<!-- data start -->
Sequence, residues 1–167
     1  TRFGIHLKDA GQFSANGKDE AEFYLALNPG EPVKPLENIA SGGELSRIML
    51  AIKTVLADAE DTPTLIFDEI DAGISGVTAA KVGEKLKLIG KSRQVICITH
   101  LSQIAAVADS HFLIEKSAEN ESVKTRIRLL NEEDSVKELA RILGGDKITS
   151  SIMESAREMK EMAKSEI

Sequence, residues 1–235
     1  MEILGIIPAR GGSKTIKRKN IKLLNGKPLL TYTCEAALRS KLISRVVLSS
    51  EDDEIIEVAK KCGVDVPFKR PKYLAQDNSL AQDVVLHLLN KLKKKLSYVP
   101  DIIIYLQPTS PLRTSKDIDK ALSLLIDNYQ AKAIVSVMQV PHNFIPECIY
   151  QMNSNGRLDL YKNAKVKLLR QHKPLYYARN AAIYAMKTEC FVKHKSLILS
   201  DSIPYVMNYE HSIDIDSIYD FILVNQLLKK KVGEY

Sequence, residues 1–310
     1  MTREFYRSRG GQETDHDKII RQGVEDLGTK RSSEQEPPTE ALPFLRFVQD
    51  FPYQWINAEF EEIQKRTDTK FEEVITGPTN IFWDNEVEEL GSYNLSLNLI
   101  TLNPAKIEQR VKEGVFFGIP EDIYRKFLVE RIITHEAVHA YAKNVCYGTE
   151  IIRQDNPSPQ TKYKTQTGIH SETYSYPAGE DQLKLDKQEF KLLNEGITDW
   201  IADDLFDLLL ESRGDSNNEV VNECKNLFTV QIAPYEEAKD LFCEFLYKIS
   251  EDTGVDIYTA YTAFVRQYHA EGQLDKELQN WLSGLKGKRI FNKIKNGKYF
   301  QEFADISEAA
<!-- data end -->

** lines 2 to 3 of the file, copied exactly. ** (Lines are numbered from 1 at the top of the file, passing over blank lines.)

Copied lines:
     1  TRFGIHLKDA GQFSANGKDE AEFYLALNPG EPVKPLENIA SGGELSRIML
    51  AIKTVLADAE DTPTLIFDEI DAGISGVTAA KVGEKLKLIG KSRQVICITH